ITRI Works on High Value-added Applications of Smart Lighting Technology
Government-funded R&D body releases spectrum-adjustable LED lighting module and LED-based indoor positioning system this year

Apr 24, 2017 Ι Insiders' Views Ι Lighting & LEDs Ι By Steve Chuang, CENS
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In view of smart lighting showing strong potential to lead growth of the global lighting industry in the next decade, Industrial Technology Research Institute (ITRI), a Taiwanese government-funded R&D institute, released its spectrum-adjustable LED lighting modules and LED-based indoor positioning system at this year's Taiwan International Lighting Show and LED Taiwan, to inspire more Taiwanese LED lighting makers to go upmarket.

In an exclusive interview with CENS, M.J. Kao, Ph.D. and deputy general director of Electronic and Optoelectronic System Research Laboratories of ITRI, provided a clear picture of the development of the two said technologies.

On the background to the development of spectrum-adjustable LED lighting module, Kao commented that amid growing concerns about energy conservation, outlooks of the global market for LED lighting once looked quite bright at the very beginning; however, the reality turns out to be a disappointment to Taiwanese suppliers, primarily because oversupply situations and no-holds-barred underselling rivalry have continuously intensified in the wake of the emergence of Chinese competitors.

M.J. Kao, Ph.D. and deputy general director of Electronic and Optoelectronic System Research Laboratories of ITRI.


To help Taiwanese suppliers explore blue-ocean opportunities in the competitive landscape, Kao said that ITRI decided four to five years ago to commence an R&D project, which includes study and research of human-centric lighting, with the said module being developed on that concept.

Human-centric lighting is increasingly a buzzword in the industry, noted Kao, who justified the trend by saying, “Tests and research show that light actually affects human health in many aspects, including the quality of sleep and the occurrence of osteoporosis.” For instance, blue wavelengths have been found beneficial in preventing newborns from jaundice, and therefore the use of artificial lighting for baby incubators becomes popular in modern times.

In addition to physically, model and direct observations find that people can also be affected mentally by light through different wavelengths perceived by eyes, mentioned Kao, who continued, “In short, through adjustment of illumination and wavelengths, light can be certainly applied in healthcare.”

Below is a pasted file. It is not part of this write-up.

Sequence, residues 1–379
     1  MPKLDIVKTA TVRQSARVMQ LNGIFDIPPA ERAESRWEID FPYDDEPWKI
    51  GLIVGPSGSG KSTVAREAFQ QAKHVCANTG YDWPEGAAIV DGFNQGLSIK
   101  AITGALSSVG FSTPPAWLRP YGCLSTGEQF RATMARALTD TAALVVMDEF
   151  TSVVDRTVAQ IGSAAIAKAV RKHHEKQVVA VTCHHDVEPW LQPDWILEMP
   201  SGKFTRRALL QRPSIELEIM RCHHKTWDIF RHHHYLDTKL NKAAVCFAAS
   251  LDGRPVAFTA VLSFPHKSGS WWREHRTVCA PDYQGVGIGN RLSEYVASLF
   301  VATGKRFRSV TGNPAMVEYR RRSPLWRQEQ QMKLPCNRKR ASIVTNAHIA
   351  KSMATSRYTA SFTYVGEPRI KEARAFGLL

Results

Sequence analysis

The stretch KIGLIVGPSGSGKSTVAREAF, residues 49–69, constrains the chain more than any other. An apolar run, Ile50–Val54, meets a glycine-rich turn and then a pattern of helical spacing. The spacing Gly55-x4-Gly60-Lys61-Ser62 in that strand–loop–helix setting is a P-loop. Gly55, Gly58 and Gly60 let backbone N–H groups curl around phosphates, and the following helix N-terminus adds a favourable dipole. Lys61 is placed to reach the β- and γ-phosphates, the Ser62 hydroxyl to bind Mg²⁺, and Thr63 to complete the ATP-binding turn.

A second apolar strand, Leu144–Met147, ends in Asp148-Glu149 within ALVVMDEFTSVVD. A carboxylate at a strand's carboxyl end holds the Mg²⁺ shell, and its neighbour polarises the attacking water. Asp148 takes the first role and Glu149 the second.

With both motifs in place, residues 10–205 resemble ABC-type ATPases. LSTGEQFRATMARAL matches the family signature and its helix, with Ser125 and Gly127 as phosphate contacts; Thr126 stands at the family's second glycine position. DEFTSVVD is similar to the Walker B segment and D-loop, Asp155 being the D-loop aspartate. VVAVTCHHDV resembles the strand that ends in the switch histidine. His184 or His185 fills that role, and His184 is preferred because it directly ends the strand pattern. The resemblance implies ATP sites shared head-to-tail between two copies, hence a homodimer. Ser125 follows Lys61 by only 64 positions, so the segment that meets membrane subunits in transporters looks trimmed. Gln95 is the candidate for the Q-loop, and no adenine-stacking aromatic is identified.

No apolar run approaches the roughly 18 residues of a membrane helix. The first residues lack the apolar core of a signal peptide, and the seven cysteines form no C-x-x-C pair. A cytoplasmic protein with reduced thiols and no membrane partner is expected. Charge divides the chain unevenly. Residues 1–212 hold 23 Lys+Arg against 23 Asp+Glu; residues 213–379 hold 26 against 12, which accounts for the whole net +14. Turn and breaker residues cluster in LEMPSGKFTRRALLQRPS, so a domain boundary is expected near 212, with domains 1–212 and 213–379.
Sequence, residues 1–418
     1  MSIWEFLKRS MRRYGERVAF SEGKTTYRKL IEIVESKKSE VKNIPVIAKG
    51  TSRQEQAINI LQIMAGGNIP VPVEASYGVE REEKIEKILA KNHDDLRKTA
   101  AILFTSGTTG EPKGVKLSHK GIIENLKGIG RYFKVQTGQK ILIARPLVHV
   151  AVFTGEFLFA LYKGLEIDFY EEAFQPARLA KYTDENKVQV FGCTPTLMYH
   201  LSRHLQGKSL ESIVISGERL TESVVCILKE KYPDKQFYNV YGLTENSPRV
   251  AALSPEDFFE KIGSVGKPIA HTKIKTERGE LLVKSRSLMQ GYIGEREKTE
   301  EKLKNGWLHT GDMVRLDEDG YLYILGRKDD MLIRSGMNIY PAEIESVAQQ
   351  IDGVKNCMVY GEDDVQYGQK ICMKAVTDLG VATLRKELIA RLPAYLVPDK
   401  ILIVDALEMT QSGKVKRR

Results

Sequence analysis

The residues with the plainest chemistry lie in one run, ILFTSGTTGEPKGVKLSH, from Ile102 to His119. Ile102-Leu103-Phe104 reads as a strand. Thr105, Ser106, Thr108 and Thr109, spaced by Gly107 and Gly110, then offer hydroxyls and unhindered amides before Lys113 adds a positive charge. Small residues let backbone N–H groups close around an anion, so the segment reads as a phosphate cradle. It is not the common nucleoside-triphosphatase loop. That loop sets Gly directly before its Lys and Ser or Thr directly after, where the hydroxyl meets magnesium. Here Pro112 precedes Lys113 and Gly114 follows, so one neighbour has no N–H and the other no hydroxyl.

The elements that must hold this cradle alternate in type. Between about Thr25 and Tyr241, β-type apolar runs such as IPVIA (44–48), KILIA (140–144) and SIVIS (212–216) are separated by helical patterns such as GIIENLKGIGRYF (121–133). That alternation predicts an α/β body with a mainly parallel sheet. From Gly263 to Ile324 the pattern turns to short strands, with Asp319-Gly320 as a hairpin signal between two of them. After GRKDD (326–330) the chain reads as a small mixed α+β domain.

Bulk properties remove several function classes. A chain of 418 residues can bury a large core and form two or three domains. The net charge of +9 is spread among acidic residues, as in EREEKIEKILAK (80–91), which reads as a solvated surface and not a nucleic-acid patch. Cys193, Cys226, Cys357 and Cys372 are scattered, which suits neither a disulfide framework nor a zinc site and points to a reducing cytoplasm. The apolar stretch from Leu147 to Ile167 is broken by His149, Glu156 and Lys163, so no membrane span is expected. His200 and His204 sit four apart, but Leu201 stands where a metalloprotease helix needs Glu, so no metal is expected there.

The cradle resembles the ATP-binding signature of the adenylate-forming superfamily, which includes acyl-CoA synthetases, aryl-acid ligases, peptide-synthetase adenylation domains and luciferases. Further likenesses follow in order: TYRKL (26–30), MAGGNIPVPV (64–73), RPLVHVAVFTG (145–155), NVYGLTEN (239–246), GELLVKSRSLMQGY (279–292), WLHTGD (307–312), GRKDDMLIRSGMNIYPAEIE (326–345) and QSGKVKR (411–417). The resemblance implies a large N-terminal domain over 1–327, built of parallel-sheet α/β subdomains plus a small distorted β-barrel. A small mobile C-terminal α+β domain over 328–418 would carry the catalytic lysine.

Riding on human-centric lighting, ITRI aims to assist Taiwanese lighting makers to tap the niche market with its LED light spectrum adjusting technology, and its efforts have borne fruit. Kao mentioned that the technology has been applied in grow light systems in many farms in Taiwan and proven effective to boost productivity.

Besides, ITRI has also worked with a hospital to build a lighting system using such technology along with sensors for detecting patients' mental state for the moment, and applied for IRB (Institutional Review Board) approval for further research of medical diagnosis and treatment that the light system can make for.

Kao believes that the efforts are directed right, as only a few organizations and lighting companies in the world have abilities to work on such healthcare-focused application, so the exhibiting of the spectrum-adjustable LED lighting module is of significance to Taiwan's lighting industry.

As to the development of LED-based Indoor Positioning System, Kao stressed that it is also part of ITRI's effort on enhancing added-value of LED lighting technologies.

Kao introduced that the system is developed with VLC (visible light communication) technology, and takes advantage of LED's high blinking frequencies to enable indoor positioning. Such application of LED lighting has great market potential.

In fact, ITRI already provided such system to a local large-sized hospital, which has proven effective to improve management of the most expensive, high-end medical equipment and raise efficiency of shift handover there.

ITRI’s VLC-based indoor positioning system incorporated with LED lighting has been applied in a local large-sized hospital to improve management of medical equipment and efficiency and shift handovers (photo courtesy of UDN.com).


Ko noted that LED-based indoor positioning system also makes for multimedia guide services. In the museum, for example, such system can be used to respond to smartphones or other electronic gadgets installed with specific apps, so as to provide visitors with different information and audio content according to relative positions of LEDs near exhibits.

Compared to WiFi-based positioning systems, VLC-integrated indoor positioning system boasts higher positioning accuracy and is almost unaffected by such ambient factors as electromagnetic radiation. From a pragmatic viewpoint, it can double as an indoor lighting and information transmission system, while addressing concerns about electromagnetic radiation hazard to human health and information security.

Kao concluded to say, “Since light is ubiquitous, application of LED smart lighting can be even wider than we have expected,” adding that those in VLC and human-centric lighting are expected to become the industry's next big things in the near future. In this logic, he stressed, ITRI has therefore shifted its focus from the development and improvement of LED manufacturing technologies and processes to R&D of related application as a pioneer in Taiwan's LED industry, in a bid to help local companies to move upmarket and secure sustainable development in the long run.
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